am 4. Dezember 1999
This book is a collection of several essays written by Baker at various times. These essays take the reader into a deep spiral of semantical minutiae. This is entertaining, despite Baker's apparent fascination for his own cleverness, but doesn't lead anywhere in particular. We learn of the history of punctuation, and of toenail clippers. It's interesting trivia that answers questions that probably would never have entered your mind. The exception to this is his essay on library card catalogs, which makes a very important and painful point. A large portion of the book is an intricate masterpiece of research about the use of the concept of mental lumber. While it is clever in countless ways, it's not very readable and is of questionable interest. If you do decide to skip it after reading the first couple pages (and that's ok,) be sure to skim to the section where he reviews CD-ROMS containing old century texts by listening to them in a CD player.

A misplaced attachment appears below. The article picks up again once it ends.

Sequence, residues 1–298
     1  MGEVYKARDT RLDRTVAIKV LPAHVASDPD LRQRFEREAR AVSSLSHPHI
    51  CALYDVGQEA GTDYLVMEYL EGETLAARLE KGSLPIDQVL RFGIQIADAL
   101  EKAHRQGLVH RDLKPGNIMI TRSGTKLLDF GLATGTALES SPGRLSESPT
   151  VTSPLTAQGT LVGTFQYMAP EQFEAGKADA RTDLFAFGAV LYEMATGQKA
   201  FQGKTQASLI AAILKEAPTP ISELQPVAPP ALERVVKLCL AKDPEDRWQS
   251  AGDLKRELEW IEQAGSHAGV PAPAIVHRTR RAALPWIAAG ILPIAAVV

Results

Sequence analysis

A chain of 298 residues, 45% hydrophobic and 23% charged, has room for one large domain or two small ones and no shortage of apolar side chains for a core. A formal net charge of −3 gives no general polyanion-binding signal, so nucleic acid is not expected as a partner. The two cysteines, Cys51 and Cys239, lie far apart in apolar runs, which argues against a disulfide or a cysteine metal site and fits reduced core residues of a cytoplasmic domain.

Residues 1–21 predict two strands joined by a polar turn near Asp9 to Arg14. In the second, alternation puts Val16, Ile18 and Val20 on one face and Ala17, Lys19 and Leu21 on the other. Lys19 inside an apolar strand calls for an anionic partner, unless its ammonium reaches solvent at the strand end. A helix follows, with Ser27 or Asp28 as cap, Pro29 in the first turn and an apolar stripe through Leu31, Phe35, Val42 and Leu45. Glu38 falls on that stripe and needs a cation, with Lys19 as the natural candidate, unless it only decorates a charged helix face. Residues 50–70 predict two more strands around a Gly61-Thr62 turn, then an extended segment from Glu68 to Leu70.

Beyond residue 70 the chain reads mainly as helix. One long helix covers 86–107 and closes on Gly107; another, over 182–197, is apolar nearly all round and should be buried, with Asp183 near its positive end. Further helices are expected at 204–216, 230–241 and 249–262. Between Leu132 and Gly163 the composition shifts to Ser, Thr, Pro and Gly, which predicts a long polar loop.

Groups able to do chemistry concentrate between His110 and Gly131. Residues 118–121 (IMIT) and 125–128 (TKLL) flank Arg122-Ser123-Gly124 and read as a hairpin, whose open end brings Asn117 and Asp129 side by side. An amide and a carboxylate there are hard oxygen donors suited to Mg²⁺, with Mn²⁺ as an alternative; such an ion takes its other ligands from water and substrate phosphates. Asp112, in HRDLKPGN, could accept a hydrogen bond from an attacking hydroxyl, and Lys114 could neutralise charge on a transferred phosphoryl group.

am 15. Juli 2000
After reading this book, you will never clip your toenails again without marvelling at the fine and delicate engineering that went into the noble toenail clipper. You will develop a nostalgia for flipping through the card catalog, and for the days when consumer items did not come in fashion colors and an overwhelming number of forms. We are unaccustomed to the results of such honed and loving attention paid to the quotidian. Who knew such pleasure could be gotten from the history of film projectors, or the semantic evolution of the word "lumber?"
am 16. November 1999
True to form, Nicholson Baker delights with curious arcane tidbits about everything from the making of model airplane kits to the sad fate of card catalogues. Most of it is humorous and wonderful --(in one essay, he looks up the books used as accessories in catalogues like Pottery Barn and gives us synopses on these tomes chosen only for their covers)-- but the five-part "Lumber" truly lumbers along, and should've been kept to one better-edited essay. No doubt that's why it's saved to last. Still, a good read.